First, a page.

New Zealand drug buying agency Pharmac has negotiated an agreement with pharmaceutical supplier Roche to purchase the Ronapreve COVID-19 treatment.
The antibody-based therapy from Roche Products will save lives and cut time in hospitals, according to Health Minister Andrew Little.
Ronapreve has shown promise in clinical trials in treating COVID-19 and was approved by UK regulators in August. It's received emergency approval to treat COVID-19 in more than 20 countries.
A large trial showed Ronapreve cut the risk of catching COVID-19 from infected household contacts while also lessening the length of time they had high viral loads and how long they had symptoms for.
The Roche drug still has to be approved by Medsafe, but has been approved in Australia.
Pharmac has secured access to enough doses of Ronapreve to be able to treat 5300 people and expects to be able to buy more next year, according to Little.
"Earlier this month, we were one of the first countries to buy molnupiravir, an anti-viral drug showing promising potential at stopping people with mild-to-medium symptoms of COVID-19 needing to go to hospital," Little says.
"I am very pleased that Pharmac has secured access to another important drug that could help treat people with medium-to-severe COVID-19, especially those with compromised immune systems.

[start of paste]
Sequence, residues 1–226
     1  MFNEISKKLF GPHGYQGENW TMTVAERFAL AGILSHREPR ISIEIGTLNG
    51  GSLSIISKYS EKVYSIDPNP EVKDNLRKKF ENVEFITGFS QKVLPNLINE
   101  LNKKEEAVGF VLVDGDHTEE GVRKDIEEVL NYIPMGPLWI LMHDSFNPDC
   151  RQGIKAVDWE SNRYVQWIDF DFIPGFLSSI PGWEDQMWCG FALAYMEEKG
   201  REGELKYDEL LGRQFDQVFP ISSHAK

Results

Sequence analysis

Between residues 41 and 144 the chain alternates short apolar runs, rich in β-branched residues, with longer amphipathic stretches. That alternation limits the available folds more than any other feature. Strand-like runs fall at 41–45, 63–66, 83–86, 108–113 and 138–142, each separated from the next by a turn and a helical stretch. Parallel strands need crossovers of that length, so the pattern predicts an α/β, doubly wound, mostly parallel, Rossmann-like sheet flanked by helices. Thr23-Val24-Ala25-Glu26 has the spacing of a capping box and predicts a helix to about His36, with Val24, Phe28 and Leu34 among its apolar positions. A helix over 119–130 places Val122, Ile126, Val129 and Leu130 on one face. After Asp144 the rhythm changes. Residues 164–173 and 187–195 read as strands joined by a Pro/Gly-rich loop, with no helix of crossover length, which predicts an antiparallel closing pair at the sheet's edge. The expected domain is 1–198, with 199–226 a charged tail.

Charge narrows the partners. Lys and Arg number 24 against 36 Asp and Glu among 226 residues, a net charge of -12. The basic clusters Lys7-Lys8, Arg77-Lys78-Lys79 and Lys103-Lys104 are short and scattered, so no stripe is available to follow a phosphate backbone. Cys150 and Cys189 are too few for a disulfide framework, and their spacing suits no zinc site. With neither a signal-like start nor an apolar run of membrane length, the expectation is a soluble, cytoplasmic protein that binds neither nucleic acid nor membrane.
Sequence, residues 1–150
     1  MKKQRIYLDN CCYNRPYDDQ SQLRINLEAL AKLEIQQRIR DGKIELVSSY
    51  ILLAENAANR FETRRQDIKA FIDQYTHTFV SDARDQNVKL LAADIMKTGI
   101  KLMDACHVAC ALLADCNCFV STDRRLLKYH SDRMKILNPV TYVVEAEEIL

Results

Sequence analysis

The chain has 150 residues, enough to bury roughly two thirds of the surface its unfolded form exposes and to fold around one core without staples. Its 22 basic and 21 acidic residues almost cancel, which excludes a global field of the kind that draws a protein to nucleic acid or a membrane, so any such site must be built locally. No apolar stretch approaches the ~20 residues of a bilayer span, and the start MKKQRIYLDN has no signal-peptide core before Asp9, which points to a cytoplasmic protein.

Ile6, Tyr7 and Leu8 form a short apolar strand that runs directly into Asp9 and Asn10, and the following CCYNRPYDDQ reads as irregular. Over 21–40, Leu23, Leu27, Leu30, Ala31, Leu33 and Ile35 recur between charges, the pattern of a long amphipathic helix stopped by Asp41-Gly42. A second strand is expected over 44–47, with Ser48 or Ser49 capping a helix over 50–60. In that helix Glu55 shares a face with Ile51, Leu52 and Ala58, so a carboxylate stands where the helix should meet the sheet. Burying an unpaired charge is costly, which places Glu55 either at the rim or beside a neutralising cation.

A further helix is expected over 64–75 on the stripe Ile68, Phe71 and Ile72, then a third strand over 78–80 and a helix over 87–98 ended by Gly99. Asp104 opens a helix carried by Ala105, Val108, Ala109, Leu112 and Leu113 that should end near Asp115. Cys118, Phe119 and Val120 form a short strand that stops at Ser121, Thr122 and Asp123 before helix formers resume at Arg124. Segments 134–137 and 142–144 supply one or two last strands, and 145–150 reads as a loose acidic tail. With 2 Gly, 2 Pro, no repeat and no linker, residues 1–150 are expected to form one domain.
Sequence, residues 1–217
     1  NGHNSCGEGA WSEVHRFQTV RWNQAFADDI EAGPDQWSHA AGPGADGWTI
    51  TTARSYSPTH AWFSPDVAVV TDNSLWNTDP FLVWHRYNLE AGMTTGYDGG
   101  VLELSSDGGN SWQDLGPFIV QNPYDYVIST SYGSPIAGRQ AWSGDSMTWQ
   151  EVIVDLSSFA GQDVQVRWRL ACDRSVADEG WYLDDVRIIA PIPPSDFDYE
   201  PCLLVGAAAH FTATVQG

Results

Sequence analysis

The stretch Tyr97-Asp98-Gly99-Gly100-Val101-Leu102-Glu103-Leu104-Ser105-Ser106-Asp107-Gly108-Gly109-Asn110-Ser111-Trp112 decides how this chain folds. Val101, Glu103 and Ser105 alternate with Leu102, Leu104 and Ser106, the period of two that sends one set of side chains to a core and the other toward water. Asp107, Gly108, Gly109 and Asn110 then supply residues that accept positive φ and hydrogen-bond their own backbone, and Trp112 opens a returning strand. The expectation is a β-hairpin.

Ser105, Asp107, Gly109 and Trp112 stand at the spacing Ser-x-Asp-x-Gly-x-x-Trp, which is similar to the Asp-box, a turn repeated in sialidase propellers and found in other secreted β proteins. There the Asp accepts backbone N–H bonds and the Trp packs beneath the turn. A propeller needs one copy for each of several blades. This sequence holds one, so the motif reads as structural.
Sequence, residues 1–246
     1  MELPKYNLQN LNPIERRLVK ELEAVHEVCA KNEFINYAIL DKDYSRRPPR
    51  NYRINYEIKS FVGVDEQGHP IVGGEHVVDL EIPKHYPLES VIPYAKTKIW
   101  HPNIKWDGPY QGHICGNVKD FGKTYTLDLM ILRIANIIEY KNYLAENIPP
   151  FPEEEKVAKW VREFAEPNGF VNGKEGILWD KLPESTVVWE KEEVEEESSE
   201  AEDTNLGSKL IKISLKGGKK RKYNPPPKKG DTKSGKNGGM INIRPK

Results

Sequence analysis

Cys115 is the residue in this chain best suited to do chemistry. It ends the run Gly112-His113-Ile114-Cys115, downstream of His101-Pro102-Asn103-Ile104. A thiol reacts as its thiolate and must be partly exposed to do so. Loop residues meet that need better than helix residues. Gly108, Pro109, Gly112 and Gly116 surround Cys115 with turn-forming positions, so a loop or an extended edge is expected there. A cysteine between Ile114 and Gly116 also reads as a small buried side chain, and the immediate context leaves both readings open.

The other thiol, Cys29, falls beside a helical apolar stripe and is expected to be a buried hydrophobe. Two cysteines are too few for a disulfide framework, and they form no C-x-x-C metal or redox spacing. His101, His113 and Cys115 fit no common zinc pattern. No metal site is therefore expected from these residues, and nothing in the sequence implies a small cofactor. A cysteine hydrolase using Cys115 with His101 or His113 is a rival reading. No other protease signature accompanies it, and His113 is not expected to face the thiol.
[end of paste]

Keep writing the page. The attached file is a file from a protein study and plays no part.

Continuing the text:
"Ronapreve is a monoclonal antibody drug and there is a lot of excitement about it. The clinical advice is that it is a massive advance because it reduces the severity of COVID-19 and decreases the risk of patients passing the virus on to other people."
Pharmac's chief executive says she's thrilled to be able to strike a deal to provide Kiwis with another layer of defence for people that become unwell because of COVID-19.
"While getting vaccinated is by far… the best line of defence against COVID-19, it's good to know New Zealand will have another treatment available for those who do become unwell," says Pharmac chief executive Sarah Fitt. "The unprecedented nature of the pandemic, and the ongoing health risks posed by COVID-19, means Pharmac is continuing to seek out other treatments to be used to help those with COVID-19."
The Health Minister stressed not only would the new treatment could save lives but it would also take pressure off New Zealand's hospitals.
"That's hugely important, not only because of the lives it could save directly but also because it will take pressure off our hospitals, which means they can get on with treating people with other conditions," Little says.
“When we created the special COVID-19 budget, we expected Pharmac to act quickly and secure treatments for New Zealand, and that’s what it’s doing.
"Ronapreve, along with molnupiravir and other drugs, form part of our armoury against the COVID-19 pandemic, protecting people and hospital services against its worst impacts.
"However, other actions are still just as important as they have ever been. Getting at least 90 per cent of people who can be vaccinated, and practical measures like wearing facemasks and social distancing are all part of the deal.
"New Zealand has done exceptionally well at dealing with the COVID-19 pandemic. Our infection and death rate is just a fraction of that in other countries because we've done what needed to be done, but we need to keep going."